25. A barren or stony hill. Nuttall's Standard dictionary of the English language. By Nuttall, P.Austin. Published 1914.
  26. A skin. The american dictionary of the english language. By Daniel Lyons. Published 1899.
  27. FELLNESS. The american dictionary of the english language. By Daniel Lyons. Published 1899.
  28. Hide of a beast; skin. The Clarendon dictionary. By William Hand Browne, Samuel Stehman Haldeman. Published 1894.
  29. Feller. The Concise Standard Dictionary of the English Language. By James Champlin Fernald. Published 1919.
  30. A seam finished with a flat, smooth strip. The Concise Standard Dictionary of the English Language. By James Champlin Fernald. Published 1919.
  31. A hide or pelt. The Concise Standard Dictionary of the English Language. By James Champlin Fernald. Published 1919.
  32. The hide or skin of an animal; a hem laid level with the cloth. Nuttall's Standard dictionary of the English language. By Nuttall, P.Austin. Published 1914.
  33. A skin or hide. Etymological and pronouncing dictionary of the English language. By Stormonth, James, Phelp, P. H. Published 1874.
  34. A low-browed hill; a mountain; a mountain-side. Etymological and pronouncing dictionary of the English language. By Stormonth, James, Phelp, P. H. Published 1874.
  35. FELLY. The american dictionary of the english language. By Daniel Lyons. Published 1899.
  36. (of persons or their actions) able or disposed to inflict pain or suffering; "a barbarous crime"; "brutal beatings"; "cruel tortures"; "Stalin's roughshod treatment of the kulaks"; "a savage slap"; "vicious kicks" Scrapingweb Dictionary DB
  37. imp. of Fall. Webster Dictionary DB
  38. Cruel; barbarous; inhuman; fierce; savage; ravenous. Webster Dictionary DB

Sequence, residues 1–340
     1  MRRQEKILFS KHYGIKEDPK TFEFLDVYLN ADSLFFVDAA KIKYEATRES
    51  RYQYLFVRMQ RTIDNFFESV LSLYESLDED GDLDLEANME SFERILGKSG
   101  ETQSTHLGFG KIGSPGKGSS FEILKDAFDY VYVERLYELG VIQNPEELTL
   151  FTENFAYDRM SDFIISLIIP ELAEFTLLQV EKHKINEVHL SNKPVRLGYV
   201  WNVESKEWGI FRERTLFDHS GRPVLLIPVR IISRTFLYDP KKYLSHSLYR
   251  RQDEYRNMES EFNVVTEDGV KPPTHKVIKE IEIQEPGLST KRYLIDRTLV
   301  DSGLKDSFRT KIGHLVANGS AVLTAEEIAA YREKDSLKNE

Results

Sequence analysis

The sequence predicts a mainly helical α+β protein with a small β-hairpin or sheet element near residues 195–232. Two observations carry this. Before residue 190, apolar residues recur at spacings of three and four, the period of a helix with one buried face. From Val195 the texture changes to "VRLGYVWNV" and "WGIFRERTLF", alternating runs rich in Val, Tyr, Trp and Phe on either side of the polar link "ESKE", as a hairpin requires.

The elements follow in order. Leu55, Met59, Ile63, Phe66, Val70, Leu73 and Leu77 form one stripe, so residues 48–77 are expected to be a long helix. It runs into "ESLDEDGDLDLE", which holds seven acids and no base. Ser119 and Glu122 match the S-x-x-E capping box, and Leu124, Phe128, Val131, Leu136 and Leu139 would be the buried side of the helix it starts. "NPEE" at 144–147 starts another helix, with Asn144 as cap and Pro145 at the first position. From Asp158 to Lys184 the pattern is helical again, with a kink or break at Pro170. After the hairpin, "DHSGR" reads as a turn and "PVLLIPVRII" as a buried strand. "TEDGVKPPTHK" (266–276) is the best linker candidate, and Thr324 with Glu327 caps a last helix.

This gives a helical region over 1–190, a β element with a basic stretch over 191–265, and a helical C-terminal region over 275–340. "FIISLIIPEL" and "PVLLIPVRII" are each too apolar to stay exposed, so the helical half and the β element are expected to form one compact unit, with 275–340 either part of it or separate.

39. Eager; earnest; intent. Webster Dictionary DB
  40. Gall; anger; melancholy. Webster Dictionary DB
  41. Cruel; savage. The Winston Simplified Dictionary. By William Dodge Lewis, Edgar Arthur Singer. Published 1919.
  42. Pa.t. of FALL. The american dictionary of the english language. By Daniel Lyons. Published 1899.
  43. Cruel; fierce; bloody. The american dictionary of the english language. By Daniel Lyons. Published 1899.
  44. Fierce; cruel; terrible. The Clarendon dictionary. By William Hand Browne, Samuel Stehman Haldeman. Published 1894.
  45. Imp. of FALL, v. The Concise Standard Dictionary of the English Language. By James Champlin Fernald. Published 1919.
  46. Fierce; cruel; inhuman; hideous. The Concise Standard Dictionary of the English Language. By James Champlin Fernald. Published 1919.
  47. Cruel; fierce; savage; bloody. Nuttall's Standard dictionary of the English language. By Nuttall, P.Austin. Published 1914.
  48. of Fall The Winston Simplified Dictionary. By William Dodge Lewis, Edgar Arthur Singer. Published 1919.

What are the misspellings for fell?

Usage examples for fell

  1. Right in front of our eyes our captain- Captain Straight- fell – Private Peat by Harold R. Peat
  2. His head fell again to his hands. – A Fool There Was by Porter Emerson Browne